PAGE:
Gus Zhu has a strong academic background; he has a degree in Horticultural Science and an Msc in Viticulture and Enology. Last year, at the age of just 31, Gus Zhu became the first Chinese national to successfully complete the Master of Wine programme. He was accepted into the MW programme in 2016 (two years after achieving his WSET Level 4 Diploma in Wines) and, impressively, passed the exams for all three stages at the first attempt and in just three years.
Gus divides his time between the US and China and specialises in wine education, English-to-Chinese translation of wine-related materials, and chemistry and sensory science relating to the colour of red wine. Here Gus tells us about his passion for wine and wine education, his WSET experience and the differences between teaching in China and the US.
What sparked your love affair with wine?
My passion for wine was ignited by my mentors: Professor Huiqin Ma from China Agricultural University, whose wine appreciation classes I thoroughly enjoyed during my college years; Fongyee Walker MW and Edward Ragg MW, my colleagues at Dragon Phoenix Wine Consulting as wine became a more and more indispensable part of my life; and finally, all the professors at UC Davis who elevated my love affair with wine science to another level.
What inspired you to go into wine education and what major changes have you seen in wine education in China since you started teaching at Dragon Phoenix in Beijing a decade ago?
Once someone discovers their passion for wine, it’s unstoppable. I enjoy every moment I spend teaching because my students are so passionate and dedicated. Sharing my knowledge and enjoyment of wines is the best thing about teaching.
When I joined Dragon Phoenix in 2010, we were happy if eight people signed up for a WSET Level 2 Award in Wines course. Today, there is a long, long waiting list for studying the WSET Diploma with Dragon Phoenix. It is quite unbelievable.
What do you think are the key differences between teaching wine in China and the US?
When I started to teach part-time in the US, there was a huge influence from the movie “SOMM”. Along with the restaurant and tipping culture in America, people tend to think wine education is more about being a sommelier.
In China, we take a more academic approach when teaching and learning about wine, whereas in the US people focus more on the storytelling, marketing and hospitality. Recently, I’ve found students in both countries have started to evaluate each type of wine qualification carefully to figure out what kind of wine education they really need. More and more people understand what to expect in the class and what they can do after achieving the qualifications.
The wine market in Mainland China is very different to that in the US - where you’re from influences the wines you become most familiar with. For example, students in China always know a lot about Australian wines, but they may have very little understanding of Californian wines. In the US, students may not be familiar with Australian wines at all, but many of them know so much about Californian wines.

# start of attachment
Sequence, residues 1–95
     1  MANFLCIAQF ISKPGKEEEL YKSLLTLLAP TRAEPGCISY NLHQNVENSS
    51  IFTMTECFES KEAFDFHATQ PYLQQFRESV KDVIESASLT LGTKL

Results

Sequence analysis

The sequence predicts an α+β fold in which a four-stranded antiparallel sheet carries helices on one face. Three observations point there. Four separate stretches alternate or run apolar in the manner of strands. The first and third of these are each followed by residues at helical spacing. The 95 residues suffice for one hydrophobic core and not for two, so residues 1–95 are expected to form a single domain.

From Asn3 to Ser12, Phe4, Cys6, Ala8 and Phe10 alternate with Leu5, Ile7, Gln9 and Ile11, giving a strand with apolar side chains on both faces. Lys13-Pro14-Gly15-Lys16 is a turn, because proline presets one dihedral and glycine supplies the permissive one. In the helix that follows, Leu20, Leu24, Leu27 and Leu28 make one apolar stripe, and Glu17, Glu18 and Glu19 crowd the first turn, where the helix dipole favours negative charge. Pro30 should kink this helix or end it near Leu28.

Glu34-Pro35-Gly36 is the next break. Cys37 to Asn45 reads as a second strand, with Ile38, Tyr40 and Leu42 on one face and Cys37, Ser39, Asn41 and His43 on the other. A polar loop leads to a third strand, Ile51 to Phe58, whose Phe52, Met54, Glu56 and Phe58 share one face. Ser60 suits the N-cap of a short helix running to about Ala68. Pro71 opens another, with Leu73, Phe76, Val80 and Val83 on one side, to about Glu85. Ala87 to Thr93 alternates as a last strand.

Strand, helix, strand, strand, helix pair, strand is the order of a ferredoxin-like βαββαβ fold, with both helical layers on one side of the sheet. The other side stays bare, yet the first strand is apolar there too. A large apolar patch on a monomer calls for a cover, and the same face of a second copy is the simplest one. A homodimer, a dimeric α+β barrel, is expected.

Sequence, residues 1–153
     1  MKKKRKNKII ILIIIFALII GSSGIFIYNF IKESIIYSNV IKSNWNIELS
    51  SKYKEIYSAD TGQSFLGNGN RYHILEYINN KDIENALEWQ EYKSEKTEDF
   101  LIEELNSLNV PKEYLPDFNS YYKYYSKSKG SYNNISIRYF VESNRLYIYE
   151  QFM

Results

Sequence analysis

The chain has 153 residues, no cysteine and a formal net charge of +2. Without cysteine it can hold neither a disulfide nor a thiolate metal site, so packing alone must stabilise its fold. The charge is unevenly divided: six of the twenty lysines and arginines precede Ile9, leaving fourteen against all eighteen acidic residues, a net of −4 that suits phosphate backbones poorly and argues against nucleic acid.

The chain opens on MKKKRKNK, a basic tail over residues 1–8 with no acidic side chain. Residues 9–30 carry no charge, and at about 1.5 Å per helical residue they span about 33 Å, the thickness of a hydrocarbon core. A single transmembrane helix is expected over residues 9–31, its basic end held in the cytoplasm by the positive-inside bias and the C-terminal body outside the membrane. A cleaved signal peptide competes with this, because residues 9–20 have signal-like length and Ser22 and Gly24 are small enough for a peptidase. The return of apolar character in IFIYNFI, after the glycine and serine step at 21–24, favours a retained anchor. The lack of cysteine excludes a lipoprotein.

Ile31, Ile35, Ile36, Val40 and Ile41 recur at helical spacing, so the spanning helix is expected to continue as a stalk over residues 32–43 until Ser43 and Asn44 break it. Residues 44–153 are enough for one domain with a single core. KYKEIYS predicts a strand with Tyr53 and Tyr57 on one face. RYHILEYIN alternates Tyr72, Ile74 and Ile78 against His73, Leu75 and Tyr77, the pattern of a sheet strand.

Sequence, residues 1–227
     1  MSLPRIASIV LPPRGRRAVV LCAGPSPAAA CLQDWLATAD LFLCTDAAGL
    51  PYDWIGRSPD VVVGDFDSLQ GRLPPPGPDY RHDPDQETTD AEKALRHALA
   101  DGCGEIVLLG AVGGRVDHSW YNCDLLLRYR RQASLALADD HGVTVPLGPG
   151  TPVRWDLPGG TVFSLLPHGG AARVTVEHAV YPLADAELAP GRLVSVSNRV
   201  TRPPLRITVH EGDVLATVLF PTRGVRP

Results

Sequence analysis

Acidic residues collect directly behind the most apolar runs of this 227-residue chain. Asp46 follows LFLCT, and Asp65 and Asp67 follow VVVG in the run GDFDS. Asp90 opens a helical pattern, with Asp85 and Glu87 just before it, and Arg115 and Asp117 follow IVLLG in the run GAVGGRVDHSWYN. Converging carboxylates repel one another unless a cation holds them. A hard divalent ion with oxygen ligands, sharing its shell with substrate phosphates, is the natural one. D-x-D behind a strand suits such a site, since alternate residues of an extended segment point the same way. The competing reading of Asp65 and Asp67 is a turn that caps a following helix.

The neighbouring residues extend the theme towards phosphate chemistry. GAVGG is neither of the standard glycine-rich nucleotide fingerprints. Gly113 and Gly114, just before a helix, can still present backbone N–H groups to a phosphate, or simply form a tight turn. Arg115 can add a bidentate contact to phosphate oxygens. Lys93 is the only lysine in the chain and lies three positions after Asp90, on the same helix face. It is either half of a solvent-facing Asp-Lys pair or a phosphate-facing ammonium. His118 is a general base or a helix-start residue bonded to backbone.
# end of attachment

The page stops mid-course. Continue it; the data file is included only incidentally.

Pronouncing wine terms correctly can be a big challenge for some Chinese-speaking students. Do you have any advice about this?
There are videos published by WSET with pronunciations of many wine terms. Many online dictionaries also provide audio pronunciations.
How important do you think formal education is for succeeding in the industry?
WSET offers a comprehensive understanding of the world of wines but working in the wine industry does require additional specialised skills and experience. In other words, qualifications such as those from WSET provide an important foundation for becoming an industry professional.
I use the knowledge gained through WSET courses almost every day as a tutor for the WSET Online Classroom, teaching and giving feedback to global Diploma candidates.
I enjoy every moment I spend teaching because my students are so passionate and dedicated. Sharing my knowledge and enjoyment of wines is the best thing about teaching.
From WSET student to WSET Certified Educator, what has your WSET experience been like to date?
It has been an amazing journey in discovering my potential. When I was hesitating about signing up for the WSET Diploma back in 2012, both Fongyee Walker MW and the WSET International Development Director Jude Mullins asked me to give it a try. I didn’t quite trust my own abilities to pass the Diploma back then, but I trusted Fongyee and Jude. People like them helped me realise that nothing is impossible.
Do you have any tips for younger Chinese wine enthusiasts who aspire to follow in your footsteps?
If you are interested in a career in wine education, be truly passionate about wine and use critical thinking, but don’t feel you have to follow my footsteps. Everyone is different. Enjoy the wines you like and enjoy what you do!
If you are interested in learning more about wine, why not take a WSET course online or in the classroom. To find a course provider near you click here.